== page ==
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Richard Curtis reveals ‘extraordinary and bizarre’ experience of Big Night In

The money raised will be split equally between Comic Relief and BBC Children In Need.

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Richard Curtis (Ian West/PA)

Richard Curtis (Ian West/PA)

Richard Curtis (Ian West/PA)

Richard Curtis has said he was given three weeks to put the Big Night In show together and said it was “extraordinary and bizarre” to watch it from home.

The film director and Comic Relief co-founder praised everyone took part in the BBC One show, which saw the return of Little Britain, The Vicar Of Dibley and Catherine Tate’s schoolgirl Lauren and raised more than £27 million for charity.

Explaining how it came together, he told BBC Radio 2: “We got an invitation form the BBC Children In Need for us to do the show, and then we had three weeks – and I hope no-one presumes that we can do Comic Relief in three weeks next time.

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Richard Curtis wearing the limited-edition Comc Relief t-shirt to raise money for charities fighting the spread of coronavirus (Richard Curtis/Comic Relief)

Richard Curtis wearing the limited-edition Comc Relief t-shirt to raise money for charities fighting the spread of coronavirus (Richard Curtis/Comic Relief)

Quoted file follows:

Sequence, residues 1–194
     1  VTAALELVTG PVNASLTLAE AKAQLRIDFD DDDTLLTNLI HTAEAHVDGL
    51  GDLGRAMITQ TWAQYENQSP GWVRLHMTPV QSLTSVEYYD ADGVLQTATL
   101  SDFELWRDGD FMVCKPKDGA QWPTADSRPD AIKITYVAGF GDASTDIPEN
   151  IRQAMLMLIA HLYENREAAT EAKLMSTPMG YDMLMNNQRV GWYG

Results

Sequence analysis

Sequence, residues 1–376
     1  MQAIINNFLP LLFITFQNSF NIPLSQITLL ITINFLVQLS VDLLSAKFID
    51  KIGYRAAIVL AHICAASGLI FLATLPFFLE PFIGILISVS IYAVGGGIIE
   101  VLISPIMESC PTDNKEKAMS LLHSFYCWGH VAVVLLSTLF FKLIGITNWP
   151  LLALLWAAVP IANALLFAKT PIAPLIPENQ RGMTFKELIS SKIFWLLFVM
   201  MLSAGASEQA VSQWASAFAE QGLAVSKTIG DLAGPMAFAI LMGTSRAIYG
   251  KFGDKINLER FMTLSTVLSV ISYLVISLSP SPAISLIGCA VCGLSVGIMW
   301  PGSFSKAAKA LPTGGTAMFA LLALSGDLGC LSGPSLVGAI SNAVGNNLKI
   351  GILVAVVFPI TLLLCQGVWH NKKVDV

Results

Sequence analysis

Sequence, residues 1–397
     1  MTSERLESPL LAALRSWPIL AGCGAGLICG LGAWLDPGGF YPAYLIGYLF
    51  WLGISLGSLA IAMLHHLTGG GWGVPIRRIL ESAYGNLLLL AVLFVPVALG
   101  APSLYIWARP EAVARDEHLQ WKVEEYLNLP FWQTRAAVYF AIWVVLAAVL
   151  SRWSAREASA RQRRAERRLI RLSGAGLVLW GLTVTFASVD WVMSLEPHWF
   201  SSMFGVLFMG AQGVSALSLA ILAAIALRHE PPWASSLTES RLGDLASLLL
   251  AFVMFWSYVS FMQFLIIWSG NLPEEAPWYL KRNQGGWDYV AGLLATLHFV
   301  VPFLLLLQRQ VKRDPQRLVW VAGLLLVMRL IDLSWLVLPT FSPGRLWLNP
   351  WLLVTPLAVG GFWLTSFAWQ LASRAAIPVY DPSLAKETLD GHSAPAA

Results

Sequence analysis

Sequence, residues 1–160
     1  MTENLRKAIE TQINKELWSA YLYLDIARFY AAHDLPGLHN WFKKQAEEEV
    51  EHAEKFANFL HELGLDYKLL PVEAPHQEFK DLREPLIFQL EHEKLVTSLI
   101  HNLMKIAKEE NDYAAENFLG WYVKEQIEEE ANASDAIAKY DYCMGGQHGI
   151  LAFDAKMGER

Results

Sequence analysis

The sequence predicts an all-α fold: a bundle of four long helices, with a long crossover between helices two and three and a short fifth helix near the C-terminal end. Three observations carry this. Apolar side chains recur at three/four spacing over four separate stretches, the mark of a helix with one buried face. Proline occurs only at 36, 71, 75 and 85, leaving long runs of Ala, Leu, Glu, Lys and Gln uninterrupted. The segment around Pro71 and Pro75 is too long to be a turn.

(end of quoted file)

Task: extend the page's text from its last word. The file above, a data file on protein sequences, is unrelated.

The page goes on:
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Richard Curtis wearing the limited-edition Comc Relief t-shirt to raise money for charities fighting the spread of coronavirus (Richard Curtis/Comic Relief)

“You know, it was literally 20 emails to people we know, saying: ‘Can you help on this?’ Taking last year’s appeals and then just trying to find the people we were talking about who were vulnerable already, you know, how their vulnerability has increased?

“You think of homelessness at the moment and just think how much more complicated it must be, and then you know, you react to a deadline.”

He added: “For me the moment of the night was Catherine Tate and David Tennant doing their TikTok of I Knew You Were Waiting (by George Michael and Aretha Franklin), and the films were very moving.

“It’s so interesting to think about the people who this is affecting, not in the way you would necessarily think. The piece on domestic abuse, that was very interesting, that was probably the film that made the most money, then food, then people with underlying conditions, actually cancer patients who can’t say goodbye to their parents.”

He added: “Comic Relief’s job, I have always thought, is just to act as a facilitator as it were, to be a hand that reaches out, that says ‘I’ll take your money and I’ll hand it straight to where it’s needed’, and I felt lucky to be able to do that job last night.”

Describing watching the broadcast, he said: “It was really extraordinary, and bizarre for me.

“I was sitting in my house with an open phone into the gallery, watching the television and giving notes on the TV.

“But it was an amazing night, I mean the way the talent had all come together to produce stuff, that, you know, in some cases, like Little Britain, they hadn’t done anything for 10 years, the musicians, that Times Like These song was so fantastic.”

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